At age 5 his Father died.
At age 16 he quit school.
At age 17 he had already lost four jobs.
At age 18 he got married.
Between ages 18 and 22, he was a railroad conductor and failed.
He joined the army and washed out there.
He applied for law school he was rejected.
He became an insurance sales man and failed again.
At age 19 he became a father.
At age 20 his wife left him and took their baby daughter.
He became a cook and dishwasher in a small cafe.
He failed in an attempt to kidnap his own daughter, and eventually he convinced his wife to return home.
At age 65 he retired.
On the 1st day of retirement he received a cheque from the Government for $105.
He felt that the Government was saying that he couldn’t provide for himself.
He decided to commit suicide, it wasn’t worth living anymore; he had failed so much.
He sat under a tree writing his will, but instead, he wrote what he would have accomplished with his life. He realised there was much more that he hadn’t done. There was one thing he could do better than anyone he knew. And that was how to cook.
So he borrowed $87 against his cheque and bought and fried up some chicken using his recipe, and went door to door to sell them to his neighbours in Kentucky.
Remember, at age 65 he was ready to commit suicide.
But at age 88 Colonel Sanders, founder of Kentucky Fried Chicken (KFC) Empire was a billionaire.
Moral of the story: It’s never too late to start all over.
It’s sad to see how many people give up on life because they believe what others tell them about their limitations. Too old, too many failures, too many “rejections,” your father, your mother, the country you live in, the weather. Watch this video – the first episode of Season One of the excellent History Channel show, Alone. Four of the “Survivalist Experts” pussied out in the first four days! And you will be amazed who lasted, how, and why, at the end.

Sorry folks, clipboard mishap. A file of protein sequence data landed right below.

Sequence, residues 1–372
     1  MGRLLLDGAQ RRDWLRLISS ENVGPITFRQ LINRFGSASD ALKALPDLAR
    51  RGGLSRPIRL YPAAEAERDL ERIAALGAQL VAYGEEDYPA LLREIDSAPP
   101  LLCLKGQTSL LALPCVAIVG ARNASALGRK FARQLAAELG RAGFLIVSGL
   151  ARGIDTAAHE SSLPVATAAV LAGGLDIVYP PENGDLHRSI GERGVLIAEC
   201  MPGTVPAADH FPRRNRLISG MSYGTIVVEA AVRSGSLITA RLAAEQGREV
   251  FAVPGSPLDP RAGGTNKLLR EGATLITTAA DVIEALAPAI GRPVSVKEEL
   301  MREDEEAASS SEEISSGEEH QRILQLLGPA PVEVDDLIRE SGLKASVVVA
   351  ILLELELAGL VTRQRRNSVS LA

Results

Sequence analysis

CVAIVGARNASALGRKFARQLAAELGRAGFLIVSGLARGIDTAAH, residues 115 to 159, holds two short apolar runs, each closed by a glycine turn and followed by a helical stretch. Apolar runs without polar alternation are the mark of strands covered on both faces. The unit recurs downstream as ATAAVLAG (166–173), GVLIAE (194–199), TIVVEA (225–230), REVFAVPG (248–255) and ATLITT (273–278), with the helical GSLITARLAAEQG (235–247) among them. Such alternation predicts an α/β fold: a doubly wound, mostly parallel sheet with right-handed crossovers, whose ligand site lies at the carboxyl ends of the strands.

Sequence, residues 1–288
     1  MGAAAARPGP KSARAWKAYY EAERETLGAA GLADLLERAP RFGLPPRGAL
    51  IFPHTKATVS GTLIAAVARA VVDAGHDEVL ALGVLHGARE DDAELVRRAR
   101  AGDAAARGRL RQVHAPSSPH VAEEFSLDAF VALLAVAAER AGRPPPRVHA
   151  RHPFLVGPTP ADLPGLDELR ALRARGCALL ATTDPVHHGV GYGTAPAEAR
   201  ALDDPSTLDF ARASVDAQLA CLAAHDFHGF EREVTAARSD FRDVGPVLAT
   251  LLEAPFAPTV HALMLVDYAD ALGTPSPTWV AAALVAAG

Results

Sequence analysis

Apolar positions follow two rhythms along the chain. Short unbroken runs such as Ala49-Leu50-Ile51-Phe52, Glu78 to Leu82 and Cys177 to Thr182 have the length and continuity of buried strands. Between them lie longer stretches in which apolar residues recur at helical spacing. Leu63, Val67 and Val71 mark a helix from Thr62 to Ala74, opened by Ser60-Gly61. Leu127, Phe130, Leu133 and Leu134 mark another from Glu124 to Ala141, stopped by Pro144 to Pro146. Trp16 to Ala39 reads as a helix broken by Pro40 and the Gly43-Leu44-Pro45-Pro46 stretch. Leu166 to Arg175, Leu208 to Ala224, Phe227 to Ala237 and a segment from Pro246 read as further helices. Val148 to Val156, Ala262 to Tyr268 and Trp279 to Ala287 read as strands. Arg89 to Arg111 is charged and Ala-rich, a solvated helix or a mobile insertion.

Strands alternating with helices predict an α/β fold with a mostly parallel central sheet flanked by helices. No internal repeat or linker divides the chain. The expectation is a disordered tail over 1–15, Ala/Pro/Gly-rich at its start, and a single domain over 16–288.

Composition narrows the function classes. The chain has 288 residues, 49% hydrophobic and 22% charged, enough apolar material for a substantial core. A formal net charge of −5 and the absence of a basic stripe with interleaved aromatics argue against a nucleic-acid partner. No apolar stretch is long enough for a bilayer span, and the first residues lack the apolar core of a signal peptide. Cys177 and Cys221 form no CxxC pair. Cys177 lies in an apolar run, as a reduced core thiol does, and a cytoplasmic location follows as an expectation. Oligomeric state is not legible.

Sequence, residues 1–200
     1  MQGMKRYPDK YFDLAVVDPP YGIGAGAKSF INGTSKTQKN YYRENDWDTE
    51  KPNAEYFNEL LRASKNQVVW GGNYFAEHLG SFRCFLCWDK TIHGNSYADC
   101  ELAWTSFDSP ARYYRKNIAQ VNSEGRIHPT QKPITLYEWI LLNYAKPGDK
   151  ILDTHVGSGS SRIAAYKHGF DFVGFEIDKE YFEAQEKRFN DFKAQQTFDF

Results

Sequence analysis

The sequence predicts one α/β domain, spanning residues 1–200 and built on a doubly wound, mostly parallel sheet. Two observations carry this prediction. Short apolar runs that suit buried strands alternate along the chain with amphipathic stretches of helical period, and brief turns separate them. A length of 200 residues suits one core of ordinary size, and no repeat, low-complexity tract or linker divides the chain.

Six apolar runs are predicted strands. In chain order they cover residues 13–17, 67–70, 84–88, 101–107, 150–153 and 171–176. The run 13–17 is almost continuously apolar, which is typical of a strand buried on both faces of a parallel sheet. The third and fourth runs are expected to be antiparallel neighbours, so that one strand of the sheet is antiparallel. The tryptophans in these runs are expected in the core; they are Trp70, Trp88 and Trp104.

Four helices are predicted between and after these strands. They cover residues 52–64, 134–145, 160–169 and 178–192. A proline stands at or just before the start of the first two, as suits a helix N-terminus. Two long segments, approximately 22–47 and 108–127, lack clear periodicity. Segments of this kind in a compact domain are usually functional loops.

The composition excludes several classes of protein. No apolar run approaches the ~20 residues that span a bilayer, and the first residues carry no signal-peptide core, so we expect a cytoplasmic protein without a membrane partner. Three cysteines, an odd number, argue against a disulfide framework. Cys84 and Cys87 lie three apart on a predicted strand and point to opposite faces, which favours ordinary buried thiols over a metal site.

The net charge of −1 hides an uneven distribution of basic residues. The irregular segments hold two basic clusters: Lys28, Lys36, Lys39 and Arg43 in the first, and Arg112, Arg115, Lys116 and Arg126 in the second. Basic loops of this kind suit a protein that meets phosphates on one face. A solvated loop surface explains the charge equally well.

Success is about taking responsibility, attitude, flexibility, self control, and discipline. Paul J. Meyer’s slogan that I learnt when I started my own business in 1987 has carried me through good times and bad: “Whatever you vividly imagine, ardently desire, sincerely believe, and enthusiastically act upon must, inevitably, come to pass.” When something no longer works, move on. The plans may change, but never quit on your objectives.
You don’t need to shackle yourself to the sinking ship of doubt, fear, entitlement, and excuses; you can win! These people didn’t quit either, and just look what they accomplished!
Robin Elliott LeverageAdvantage.com